Regeneration and degeneration:
Types of inflammation change with aging

For about 100 years it has been popular to explain the degenerative diseases as the result of mutations in the genes, a slow accumulation of “somatic mutations,” as opposed to the “germ cell mutations” that are involved in Huntington’s chorea and sickle cell anemia. Some people explained all the changes of aging on the same basis, but 50 years ago, the somatic mutation theory of aging was clearly shown to be false. The gene-mutation theory of cancer is more persistent, but the work of people like Harry Rubin has made it clear that functional changes in cells that are becoming cancerous destabilize the chromosomes and cause defects to appear in the genes, rather than the reverse.

Older ways of understanding aging and degenerative disease are now returning to the foreground. The developmental interactions of the organism with its environment, and the interactions of its cells, tissues, and organs with each other, have again become the focus of biological aging research. In place of the old belief that “we are defined and limited by our genes,” the new perspective is showing us that we are limited by our environment, and that our environment can be modified. As we react to unsuitable environments, our internal environments become limiting for our cells, and instead of renewing themselves, repairing damage, and preparing for new challenges, our cells find themselves in blind alleys. Looking at aging in this way suggests that putting ourselves into the right environments could prevent aging.

A bird developing inside its eggshell illustrates the way organs and the environment interact. The chicken created a very good environment for the early development of its young. When the egg is formed, it contains everything needed to produce a chicken, except for oxygen and a steady warm temperature. But before the chick’s body has finished developing, using yolk fat for energy, the glucose contained in the egg has been consumed, and at that point the chick’s brain stops growing. A researcher who knew that brain growth in other kinds of animals requires glucose, injected glucose (or glycine) into the developing eggs when the original glucose had been depleted. The supplemental glucose allowed the chick’s brain to continue growing until it hatched. These chicks had larger brains, containing more numerous cells. The same experimenters also found that progesterone increases brain size, while corticosterone decreases it. Although the egg is a very good environment for the development of chickens, these experiments showed that it isn’t the best that can be achieved. If the hen’s environment had been different, it might have been able to provide as much glucose and progesterone as the experimenters did.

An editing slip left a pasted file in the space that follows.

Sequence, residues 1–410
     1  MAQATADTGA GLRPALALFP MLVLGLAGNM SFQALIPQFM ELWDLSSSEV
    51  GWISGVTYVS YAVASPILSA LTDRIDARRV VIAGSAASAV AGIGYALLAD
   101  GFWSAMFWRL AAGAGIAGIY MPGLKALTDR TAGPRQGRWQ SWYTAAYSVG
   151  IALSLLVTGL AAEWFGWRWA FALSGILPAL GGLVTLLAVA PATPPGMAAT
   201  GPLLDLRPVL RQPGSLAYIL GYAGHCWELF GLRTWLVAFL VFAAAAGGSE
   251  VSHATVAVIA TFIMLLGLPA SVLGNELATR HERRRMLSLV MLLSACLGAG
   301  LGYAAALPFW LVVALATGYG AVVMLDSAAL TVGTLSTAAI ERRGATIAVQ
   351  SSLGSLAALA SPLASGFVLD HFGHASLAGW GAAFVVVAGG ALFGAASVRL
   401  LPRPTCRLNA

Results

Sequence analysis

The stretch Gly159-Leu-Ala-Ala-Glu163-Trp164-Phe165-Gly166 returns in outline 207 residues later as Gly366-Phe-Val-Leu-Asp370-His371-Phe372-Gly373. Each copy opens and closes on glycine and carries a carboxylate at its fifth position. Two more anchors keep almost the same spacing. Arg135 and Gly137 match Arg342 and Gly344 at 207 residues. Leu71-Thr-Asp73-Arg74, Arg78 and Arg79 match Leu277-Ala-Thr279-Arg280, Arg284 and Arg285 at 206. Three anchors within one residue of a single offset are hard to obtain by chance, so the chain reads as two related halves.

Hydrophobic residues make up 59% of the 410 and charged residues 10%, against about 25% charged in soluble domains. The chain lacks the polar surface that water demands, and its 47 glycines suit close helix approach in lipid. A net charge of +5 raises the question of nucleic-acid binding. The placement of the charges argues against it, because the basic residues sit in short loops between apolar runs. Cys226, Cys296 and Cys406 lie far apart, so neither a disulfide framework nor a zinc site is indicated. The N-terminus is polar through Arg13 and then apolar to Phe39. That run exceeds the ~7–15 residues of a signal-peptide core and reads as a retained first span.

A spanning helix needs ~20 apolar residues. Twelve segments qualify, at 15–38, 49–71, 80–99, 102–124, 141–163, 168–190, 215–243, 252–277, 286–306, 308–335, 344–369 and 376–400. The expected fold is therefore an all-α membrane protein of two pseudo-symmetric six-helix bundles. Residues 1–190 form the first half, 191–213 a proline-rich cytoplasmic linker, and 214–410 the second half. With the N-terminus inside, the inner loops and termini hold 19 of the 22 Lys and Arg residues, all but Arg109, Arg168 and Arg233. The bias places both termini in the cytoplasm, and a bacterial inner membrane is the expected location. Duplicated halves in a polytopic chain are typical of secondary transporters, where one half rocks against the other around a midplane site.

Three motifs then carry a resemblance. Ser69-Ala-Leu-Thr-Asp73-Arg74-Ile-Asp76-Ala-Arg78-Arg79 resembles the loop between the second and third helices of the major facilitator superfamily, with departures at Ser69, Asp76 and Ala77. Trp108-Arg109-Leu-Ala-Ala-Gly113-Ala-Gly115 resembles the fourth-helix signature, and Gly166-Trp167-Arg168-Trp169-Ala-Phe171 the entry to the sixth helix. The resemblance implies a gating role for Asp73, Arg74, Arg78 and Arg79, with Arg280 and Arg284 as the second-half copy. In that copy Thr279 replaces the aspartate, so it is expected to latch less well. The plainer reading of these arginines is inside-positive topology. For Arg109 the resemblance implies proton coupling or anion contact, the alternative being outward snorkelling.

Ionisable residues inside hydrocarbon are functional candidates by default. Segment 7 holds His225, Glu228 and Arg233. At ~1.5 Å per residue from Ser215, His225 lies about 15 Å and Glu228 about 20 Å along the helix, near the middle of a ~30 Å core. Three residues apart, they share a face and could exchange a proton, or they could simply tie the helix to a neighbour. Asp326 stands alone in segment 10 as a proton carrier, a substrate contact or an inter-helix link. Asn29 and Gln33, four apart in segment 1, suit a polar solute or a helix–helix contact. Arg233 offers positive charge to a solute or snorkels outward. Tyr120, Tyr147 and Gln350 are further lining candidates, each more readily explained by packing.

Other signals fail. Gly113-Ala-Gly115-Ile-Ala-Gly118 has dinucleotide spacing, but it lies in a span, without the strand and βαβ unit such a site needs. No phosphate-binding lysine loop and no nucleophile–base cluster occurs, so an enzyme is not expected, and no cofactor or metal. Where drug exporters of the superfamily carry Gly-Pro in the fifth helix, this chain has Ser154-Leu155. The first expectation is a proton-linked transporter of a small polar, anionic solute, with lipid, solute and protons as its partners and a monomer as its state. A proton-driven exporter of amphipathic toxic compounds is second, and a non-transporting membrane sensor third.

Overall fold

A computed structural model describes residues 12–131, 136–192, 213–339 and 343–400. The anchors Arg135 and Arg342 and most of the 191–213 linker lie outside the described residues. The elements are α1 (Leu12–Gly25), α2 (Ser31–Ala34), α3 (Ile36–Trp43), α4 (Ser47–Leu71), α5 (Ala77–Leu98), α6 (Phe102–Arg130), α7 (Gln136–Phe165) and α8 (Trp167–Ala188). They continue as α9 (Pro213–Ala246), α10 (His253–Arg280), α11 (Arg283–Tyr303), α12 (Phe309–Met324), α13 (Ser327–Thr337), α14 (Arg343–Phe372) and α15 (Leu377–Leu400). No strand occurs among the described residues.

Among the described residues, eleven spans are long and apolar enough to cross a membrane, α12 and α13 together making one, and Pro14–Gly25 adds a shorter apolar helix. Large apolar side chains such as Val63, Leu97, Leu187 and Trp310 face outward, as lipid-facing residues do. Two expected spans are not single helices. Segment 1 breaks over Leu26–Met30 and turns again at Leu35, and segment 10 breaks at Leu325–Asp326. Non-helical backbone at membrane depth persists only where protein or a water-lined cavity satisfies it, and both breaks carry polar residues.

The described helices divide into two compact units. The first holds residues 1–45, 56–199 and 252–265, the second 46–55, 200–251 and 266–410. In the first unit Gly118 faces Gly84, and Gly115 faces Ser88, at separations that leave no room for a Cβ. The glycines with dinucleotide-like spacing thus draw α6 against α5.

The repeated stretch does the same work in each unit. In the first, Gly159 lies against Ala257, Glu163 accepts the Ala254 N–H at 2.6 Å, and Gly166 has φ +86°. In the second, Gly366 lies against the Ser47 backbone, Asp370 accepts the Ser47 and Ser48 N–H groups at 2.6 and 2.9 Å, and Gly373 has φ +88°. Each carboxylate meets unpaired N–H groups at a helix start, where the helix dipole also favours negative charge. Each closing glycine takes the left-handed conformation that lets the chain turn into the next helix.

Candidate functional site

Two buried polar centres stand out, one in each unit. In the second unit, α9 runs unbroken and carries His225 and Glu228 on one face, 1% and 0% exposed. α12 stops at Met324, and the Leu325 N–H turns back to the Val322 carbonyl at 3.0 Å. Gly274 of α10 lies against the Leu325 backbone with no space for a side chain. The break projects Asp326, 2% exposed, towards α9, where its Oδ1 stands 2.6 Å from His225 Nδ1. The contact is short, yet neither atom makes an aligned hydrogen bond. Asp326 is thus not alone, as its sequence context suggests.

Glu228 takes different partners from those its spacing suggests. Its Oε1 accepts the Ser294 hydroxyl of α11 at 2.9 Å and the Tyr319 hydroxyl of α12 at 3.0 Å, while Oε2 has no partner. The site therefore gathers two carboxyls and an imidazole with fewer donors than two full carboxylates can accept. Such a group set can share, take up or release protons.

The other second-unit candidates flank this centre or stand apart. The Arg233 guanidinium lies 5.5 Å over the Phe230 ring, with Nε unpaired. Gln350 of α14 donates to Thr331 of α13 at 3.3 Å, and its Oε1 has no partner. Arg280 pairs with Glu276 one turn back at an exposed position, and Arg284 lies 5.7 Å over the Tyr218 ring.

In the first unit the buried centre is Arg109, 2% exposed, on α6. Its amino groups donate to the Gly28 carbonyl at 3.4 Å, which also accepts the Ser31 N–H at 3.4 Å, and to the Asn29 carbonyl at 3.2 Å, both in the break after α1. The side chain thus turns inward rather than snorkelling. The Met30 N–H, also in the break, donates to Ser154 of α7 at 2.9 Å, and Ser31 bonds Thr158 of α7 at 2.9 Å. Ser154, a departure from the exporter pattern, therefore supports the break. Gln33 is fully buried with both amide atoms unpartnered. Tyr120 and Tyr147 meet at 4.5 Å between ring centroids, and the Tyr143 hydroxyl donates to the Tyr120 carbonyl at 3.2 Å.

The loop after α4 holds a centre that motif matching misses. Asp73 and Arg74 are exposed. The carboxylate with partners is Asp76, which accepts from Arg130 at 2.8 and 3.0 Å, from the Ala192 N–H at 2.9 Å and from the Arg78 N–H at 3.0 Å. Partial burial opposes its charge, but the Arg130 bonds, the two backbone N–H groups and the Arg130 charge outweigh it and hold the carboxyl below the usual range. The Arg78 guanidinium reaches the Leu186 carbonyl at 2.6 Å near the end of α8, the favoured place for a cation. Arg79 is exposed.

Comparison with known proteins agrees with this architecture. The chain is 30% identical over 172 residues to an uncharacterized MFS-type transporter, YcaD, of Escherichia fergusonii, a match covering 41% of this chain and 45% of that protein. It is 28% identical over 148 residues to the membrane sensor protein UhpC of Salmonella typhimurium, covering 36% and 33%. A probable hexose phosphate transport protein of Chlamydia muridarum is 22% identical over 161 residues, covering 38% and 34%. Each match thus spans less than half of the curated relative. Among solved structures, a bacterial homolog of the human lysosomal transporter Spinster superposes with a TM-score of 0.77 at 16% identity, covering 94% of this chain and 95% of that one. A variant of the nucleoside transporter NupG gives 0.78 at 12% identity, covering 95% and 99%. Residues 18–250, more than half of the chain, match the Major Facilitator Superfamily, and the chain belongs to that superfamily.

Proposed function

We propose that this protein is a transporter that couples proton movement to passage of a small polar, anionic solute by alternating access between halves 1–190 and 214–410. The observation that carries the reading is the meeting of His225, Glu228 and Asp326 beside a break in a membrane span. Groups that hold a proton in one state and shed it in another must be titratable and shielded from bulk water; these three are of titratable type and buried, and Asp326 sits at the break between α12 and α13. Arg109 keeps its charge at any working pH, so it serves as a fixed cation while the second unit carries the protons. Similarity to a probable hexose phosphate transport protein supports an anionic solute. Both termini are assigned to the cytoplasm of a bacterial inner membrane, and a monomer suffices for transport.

Mammals were able to develop bigger brains than birds, by gestating their offspring internally, allowing a continuous supply of nutrients, such as glucose, and hormones such as progesterone. But the environment of the mother still can profoundly affect the development of the offspring, by influencing her physiology.

Another factor involved in developing a large brain is the metabolic rate, which is closely associated with the temperature. Birds have larger brains relative to their bodies than reptiles do, and birds maintain a consistently high body temperature, sometimes as high as 110 degrees F, while reptiles’ temperature varies somewhat according to the temperature of their surroundings and their level of activity. Amphibians have much lower metabolic rates, and are generally unable to live at the higher temperatures required by reptiles.

The high metabolic rate of a bird, combined with its development inside an egg, means that compromises are made. The high rate of metabolism uses the stored energy rapidly, so the growth of the brain is limited. But their very high body temperature maximizes the effectiveness of that brain. Birds, such as owls, parrots, and crows, that hatch in a less developed, more dependent condition, are able to continue their brain growth, and have larger brains than other birds, such as chickens. In birds and mammals, longevity generally corresponds to brain size and metabolic rate. (For example, a pet crow, Tata, died at the age of 59 in 2006 in New York; parrots sometimes live more than 100 years.) These (altricious) birds are the opposite of precocious, they preserve embryonic or infantile traits into adulthood.

For whole organisms or for single cells, development depends on the adequacy of the environment. Temperature and the quality of nourishment are important, and by thinking about the other special features of the growth processes during gestation, we might be able to find that some of the compromises that are customarily made in our more mature lives aren’t necessary.
One way of looking at aging is that it’s a failure of regeneration or healing, related to changes in the nature of inflammation.

In childhood, wounds heal quickly, and inflammation is quickly resolved; in extreme old age, or during extreme stress or starvation, wound healing is much slower, and the nature of the inflammation and wound closure is different. In the fetus, healing can be regenerative and scarless, for example allowing a cleft palate to be surgically corrected without scars (Weinzweig, et al., 2002).